The other point to which I wish to refer and one that I have mentioned often is contained in section 19 of the Commonwealth Electoral Act, which states - . . the quota of electors shall be the basis for the distribution, and the Distribution Commissioners may adopt a margin of allowance, to be used whenever necessary, but in no case shall the quota be departed from to a greater extent than one-fifth more or one-fifth less.

I compliment the Minister upon leaving that provision as it is. I hope that some day in the not too distant future the whole onefifth of the margin will be put into operation, but an amendment has been distributed and the Labour Party is supporting a move to make the relevant proportion one-tenth, or 10 per cent. If you have a quota of 40,000, and you apply a margin of allowance of 20 per cent., or one-fifth, the electorate could be 32,000 or 48.000. The metropolitan electorates should be 48,000 and the country electorates 32,000. In Australia, we are up against a great problem in the redistribution of population.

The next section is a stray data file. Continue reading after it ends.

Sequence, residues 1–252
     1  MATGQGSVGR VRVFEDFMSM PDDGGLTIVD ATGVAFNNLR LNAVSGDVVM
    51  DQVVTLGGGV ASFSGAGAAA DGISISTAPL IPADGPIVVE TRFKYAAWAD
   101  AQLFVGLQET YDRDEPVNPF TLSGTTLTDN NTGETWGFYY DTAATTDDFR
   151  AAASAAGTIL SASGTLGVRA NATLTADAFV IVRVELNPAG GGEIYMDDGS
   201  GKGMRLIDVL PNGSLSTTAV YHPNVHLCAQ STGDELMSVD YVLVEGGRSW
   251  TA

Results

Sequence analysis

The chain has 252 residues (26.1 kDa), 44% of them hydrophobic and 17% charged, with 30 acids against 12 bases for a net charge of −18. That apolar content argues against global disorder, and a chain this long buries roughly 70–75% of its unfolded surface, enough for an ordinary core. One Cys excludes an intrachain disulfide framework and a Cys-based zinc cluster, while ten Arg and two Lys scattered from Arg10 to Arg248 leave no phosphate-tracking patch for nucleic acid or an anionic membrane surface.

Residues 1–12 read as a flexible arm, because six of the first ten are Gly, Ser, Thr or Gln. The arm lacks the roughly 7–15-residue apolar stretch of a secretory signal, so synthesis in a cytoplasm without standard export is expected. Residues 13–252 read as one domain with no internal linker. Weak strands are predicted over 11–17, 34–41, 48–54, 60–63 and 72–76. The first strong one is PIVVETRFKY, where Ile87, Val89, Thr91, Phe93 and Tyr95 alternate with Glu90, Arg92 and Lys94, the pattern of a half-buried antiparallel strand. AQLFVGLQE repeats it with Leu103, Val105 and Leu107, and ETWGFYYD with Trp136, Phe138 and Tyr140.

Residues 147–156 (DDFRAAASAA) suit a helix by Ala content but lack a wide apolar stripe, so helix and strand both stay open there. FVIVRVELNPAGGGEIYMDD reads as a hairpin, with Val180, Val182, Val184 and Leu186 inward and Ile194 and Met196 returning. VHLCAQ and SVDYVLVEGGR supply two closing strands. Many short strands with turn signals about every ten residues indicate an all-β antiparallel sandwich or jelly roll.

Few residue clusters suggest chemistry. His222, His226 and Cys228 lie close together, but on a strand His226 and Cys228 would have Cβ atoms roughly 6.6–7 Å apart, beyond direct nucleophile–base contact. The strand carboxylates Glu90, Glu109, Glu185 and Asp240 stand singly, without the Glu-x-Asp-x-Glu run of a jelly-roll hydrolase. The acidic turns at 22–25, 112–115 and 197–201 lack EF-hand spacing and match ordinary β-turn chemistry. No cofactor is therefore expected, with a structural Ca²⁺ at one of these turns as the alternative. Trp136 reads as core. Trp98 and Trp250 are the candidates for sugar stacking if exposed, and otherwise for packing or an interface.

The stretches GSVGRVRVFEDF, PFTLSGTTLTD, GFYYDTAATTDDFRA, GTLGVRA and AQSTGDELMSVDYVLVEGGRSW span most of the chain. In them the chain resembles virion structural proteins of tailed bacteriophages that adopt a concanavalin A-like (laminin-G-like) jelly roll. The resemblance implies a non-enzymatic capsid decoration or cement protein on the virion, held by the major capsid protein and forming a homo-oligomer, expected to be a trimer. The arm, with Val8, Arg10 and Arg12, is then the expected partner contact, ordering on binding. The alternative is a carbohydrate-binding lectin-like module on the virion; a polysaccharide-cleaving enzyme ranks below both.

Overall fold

Mr James - Unemployment is the problem.


Mr TURNBULL - If we had a redistribution of population, we probably would not have unemployment. After all. you have to overcome certain problems to end unemployment. I am sure the honorable member will agree that we could provide permanent employment by the distribution of the population on a reasonable basis. The Labour Party wants to make the margin of allowance one-tenth so that in no circumstances would the city electorates be disturbed. But after all, the great problem in Australia is that more and more people are living in the metropolitan areas. People talk about decentralization! It has become a catch-cry. The only way to get decentralization for the population is to decentralize political representation for this simple reason: The more people over 21 years of age you get into the metropolitan areas after redistribution, the more seats in Parliament there are created. With more members of Parliament, there are more amenities available, and the population flows to the places where there are amenities. So the trend towards greater population in the metropolitan areas snowballs.